Washington State Fair forced to close due to COIVD-19

Christina Rhoades, Print Editor

The screaming. 

The laughing. 

The scent of cotton candy wafting through the air. 

All things that have been a given in the Puyallup valley for the last 120 years. 

The Washington State Fair, formerly known as the Puyallup Fair, has been a staple of the Puyallup community. Every year, the fair attracts an average of 1 million people over the span of their 20 day fall season. 

Due to the ongoing pandemic, the Fair was forced to close their gates and reevaluate how Washington state was going to “do the Puyallup” this year. 

Renee McClain has been the Chief Financial Officer of the fair for the last 25 years and has been attending since she was 16. She knows that the fair has a strong impact on the local economy and with its closure, for both the spring and fall fairs, many parties have been affected.

“The hotel industry has been significantly impacted. They are booked [full] when the Fair is going on from our exhibitors, vendors [and] guests, whomever that may be. [COVID-19] definitely hits them extremely hard. It [impacts] all the people we employ ourselves, about 15,000 during the Fair, so all of those people are not able to work. Therefore the money that they’re making isn’t going back into the economy,” McClain said. 

Since many people travel from out of town to visit the fair, there’s a lot more money being spent in the local economy. The Fair itself makes a significant amount, but so do many of the hotels and surrounding businesses.

“It’s a couple hundred millions dollars that the Fair generates and brings in, in direct spending [inside] the Fair and indirect spending outside of the Fair. It’s definitely significant,”  McClain said. 

Mike Christensen is a fourth generation co-owner of the Sales Family business, one of the many concession stands at the Fair, most known for their Krusty Pups. The Sales Family gets a lot of business at their multiple booths inside the fair. 

“During a normal fair season, we have eight stands and about 230 employees. We have people that have worked for us for up to 30 years and we have people that live in other states that fly in and stay for the month as a full blown operation,” Christensen said. 

The Fair board had some decisions to make when COVID-19 started to affect the whole world. They had to evaluate how to best handle the situation. 

“When [COVID] hit us in the middle of March, and being in a gathering business no matter if that’s year around or during our Fair, we ended up having to cancel all of our events at that time. We then ended up having to cancel our spring fair. We were then waiting and ended up having to cancel our state fair,” McClain said.

The Sales Family also had to identify how COVID was going to affect them. They had to decide what would be most beneficial for their business. 

 “As soon as we knew that COVID-19 was happening we sat down and took a look at our finances and determined that, if we didn’t open, we would be fine for a year or until this thing rights itself. That gave us the opportunity to be able to play the two drive-thru sessions that they had and that was beneficial to just help [us] along a little bit,” Christensen said.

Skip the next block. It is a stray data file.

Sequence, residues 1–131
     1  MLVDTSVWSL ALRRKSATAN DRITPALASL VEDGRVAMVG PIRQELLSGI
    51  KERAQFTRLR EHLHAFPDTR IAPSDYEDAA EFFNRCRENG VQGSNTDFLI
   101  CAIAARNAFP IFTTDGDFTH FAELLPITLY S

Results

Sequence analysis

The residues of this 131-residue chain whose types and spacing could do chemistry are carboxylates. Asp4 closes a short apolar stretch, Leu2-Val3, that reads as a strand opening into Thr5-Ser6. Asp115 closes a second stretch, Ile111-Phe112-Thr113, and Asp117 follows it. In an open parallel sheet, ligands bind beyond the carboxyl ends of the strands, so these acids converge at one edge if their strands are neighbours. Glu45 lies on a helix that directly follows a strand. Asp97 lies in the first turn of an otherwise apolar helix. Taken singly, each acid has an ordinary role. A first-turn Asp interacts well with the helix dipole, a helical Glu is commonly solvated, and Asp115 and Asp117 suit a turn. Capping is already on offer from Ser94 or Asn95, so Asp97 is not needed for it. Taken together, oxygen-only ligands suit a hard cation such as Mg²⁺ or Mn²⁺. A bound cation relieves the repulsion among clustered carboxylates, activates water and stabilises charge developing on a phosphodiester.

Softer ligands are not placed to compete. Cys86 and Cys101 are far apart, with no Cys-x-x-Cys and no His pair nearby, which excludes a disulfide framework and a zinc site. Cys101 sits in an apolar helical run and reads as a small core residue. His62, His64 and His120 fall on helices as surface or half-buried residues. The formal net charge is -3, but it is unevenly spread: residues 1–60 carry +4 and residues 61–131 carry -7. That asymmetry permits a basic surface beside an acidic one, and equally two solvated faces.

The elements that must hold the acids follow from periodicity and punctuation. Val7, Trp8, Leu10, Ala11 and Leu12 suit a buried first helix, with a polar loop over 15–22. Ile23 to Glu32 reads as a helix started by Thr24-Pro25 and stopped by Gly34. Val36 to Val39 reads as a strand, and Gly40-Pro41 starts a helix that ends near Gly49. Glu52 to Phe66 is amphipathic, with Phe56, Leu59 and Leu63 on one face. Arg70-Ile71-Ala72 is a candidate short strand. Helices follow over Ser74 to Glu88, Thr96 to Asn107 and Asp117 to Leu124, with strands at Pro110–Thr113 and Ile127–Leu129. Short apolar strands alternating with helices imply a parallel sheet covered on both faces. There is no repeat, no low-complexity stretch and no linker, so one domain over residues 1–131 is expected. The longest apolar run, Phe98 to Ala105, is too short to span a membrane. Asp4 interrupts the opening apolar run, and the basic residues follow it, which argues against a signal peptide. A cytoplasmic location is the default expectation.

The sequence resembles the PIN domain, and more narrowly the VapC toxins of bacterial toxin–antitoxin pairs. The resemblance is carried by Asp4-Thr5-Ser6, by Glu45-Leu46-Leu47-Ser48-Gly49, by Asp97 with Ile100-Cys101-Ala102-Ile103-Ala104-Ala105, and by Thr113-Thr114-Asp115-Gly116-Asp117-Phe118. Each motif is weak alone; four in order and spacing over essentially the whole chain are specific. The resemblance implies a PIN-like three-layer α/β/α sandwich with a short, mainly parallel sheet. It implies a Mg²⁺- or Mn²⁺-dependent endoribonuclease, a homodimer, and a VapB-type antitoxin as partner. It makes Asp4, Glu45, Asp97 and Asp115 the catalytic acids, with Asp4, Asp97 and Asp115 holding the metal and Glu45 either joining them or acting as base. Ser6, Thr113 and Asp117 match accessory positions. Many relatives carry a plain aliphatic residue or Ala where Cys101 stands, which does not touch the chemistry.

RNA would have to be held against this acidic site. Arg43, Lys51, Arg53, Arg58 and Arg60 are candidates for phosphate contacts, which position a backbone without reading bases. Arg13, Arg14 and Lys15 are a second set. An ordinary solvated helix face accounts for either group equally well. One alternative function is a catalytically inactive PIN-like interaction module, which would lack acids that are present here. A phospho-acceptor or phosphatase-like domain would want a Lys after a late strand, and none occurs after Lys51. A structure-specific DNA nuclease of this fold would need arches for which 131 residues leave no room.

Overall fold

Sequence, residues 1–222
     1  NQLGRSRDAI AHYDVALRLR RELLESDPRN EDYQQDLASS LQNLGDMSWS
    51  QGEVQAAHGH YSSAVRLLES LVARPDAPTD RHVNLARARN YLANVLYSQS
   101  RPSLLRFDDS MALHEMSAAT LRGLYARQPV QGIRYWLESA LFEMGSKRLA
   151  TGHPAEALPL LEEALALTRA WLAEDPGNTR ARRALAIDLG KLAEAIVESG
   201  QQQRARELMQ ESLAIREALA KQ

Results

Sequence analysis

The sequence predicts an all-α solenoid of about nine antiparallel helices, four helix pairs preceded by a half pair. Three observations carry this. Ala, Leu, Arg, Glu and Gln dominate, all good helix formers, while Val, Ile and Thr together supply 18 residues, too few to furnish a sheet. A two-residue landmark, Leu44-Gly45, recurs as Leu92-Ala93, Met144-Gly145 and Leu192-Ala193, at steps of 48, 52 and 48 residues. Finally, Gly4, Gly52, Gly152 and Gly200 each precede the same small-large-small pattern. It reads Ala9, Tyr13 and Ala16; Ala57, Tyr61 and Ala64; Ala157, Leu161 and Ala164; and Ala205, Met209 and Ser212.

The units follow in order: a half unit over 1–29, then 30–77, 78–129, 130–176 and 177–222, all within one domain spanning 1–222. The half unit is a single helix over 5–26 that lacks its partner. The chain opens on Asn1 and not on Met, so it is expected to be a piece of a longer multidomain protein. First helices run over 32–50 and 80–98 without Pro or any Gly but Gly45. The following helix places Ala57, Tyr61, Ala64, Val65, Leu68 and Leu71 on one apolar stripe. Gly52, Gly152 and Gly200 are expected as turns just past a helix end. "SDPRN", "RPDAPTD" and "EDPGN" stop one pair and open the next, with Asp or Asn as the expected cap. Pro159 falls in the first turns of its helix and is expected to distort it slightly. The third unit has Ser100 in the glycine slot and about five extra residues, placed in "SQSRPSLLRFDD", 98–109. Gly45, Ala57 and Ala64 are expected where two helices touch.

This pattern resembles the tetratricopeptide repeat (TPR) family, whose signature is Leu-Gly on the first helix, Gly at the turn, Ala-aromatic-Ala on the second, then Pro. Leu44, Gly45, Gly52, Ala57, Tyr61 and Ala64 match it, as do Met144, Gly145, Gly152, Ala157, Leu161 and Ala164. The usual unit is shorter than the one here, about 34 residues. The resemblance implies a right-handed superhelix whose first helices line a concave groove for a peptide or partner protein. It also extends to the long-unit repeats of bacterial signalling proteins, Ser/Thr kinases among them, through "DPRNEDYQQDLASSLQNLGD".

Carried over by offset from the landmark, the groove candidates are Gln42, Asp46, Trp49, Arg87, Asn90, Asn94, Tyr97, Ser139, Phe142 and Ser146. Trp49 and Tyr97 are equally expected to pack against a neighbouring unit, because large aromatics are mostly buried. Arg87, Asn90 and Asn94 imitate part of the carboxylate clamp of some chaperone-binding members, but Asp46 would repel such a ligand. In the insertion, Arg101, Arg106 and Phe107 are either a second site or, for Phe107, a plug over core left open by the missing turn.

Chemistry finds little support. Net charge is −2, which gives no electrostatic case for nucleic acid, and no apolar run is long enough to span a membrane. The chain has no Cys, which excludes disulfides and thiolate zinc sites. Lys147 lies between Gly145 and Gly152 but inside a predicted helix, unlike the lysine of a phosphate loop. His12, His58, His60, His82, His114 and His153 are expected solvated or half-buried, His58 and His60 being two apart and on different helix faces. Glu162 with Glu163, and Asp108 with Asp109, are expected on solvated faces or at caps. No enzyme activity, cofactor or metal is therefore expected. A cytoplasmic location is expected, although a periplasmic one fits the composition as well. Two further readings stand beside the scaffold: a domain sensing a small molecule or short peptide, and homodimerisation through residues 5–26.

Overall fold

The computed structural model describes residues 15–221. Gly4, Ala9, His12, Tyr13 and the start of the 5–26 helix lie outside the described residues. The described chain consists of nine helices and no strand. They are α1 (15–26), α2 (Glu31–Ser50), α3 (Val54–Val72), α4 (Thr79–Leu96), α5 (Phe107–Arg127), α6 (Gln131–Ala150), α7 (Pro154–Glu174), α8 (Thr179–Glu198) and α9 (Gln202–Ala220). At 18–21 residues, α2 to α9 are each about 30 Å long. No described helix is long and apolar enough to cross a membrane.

One thing the fair was able to do in order to stay relevant to the community and keep fair memories alive was to hold multiple drive-thru fair food sessions throughout the summer.

“One thing we found was that we could do drive-thrus. We [kind of] tested that in July and it was successful. It’s not a fair, but it gave some of our long-term, local concessioners a chance to get out there and make some money. Just being relevant and being out there was a positive thing,” McClain said. “We then wanted to enhance the experience so that people could still come and have it be a memory, still get their favorite food. We added animals, some displays, [and] music just to be heard throughout [the drive-thru].”

The Sales family was able to run one stand during the altered schedule. This was a drop from their normal eight stands, but they were still able to get some income.  

 “The drive-thru was great but running one stand, two days a week, versus running eight stands for 20 days straight [is very different]. Clearly, the revenue doesn’t even begin to match,” Christensen said. 

The Fair itself also took a financial hit. They were still able to use some funds that they had in reserves to run the fair food drive up and go. 

“Financially it’s just been a drop in the bucket for us. When this all happened, we had to look at our business model. The very positive piece is we were coming into this year with significant cash reserves because we were getting ready to do some significant capital projects… Unfortunately, the pandemic has made us have to go in and use those reserves just to stay vital and operating,” McClain said. 

 Christensen knows that the Krusty Pup stands are going to be at the Fair in some capacity next year. The element that their business is dependent upon is the Fair itself. 

“The question is gonna be at what level, if we open next year even for the spring or fall fair, at whatever size the fair choses to open, then that’ll determine on what scale we open. It’s all driven by supply and demand,” Christensen said. “As soon as this thing levels out, then we’re fine. It’s just a matter of surviving what’s currently going on.”

The absence of the fair this year was definitely a shock to many this year after operating for 120 years without interruption, but the community was able to make the most of it and still find some way to “do the Puyallup.” 

“Ninety five percent of the people are like, ‘Thank you for being here. Thank you for having this event. This has been a tradition at least we can say we did the Fair in some manner,’” McClain said.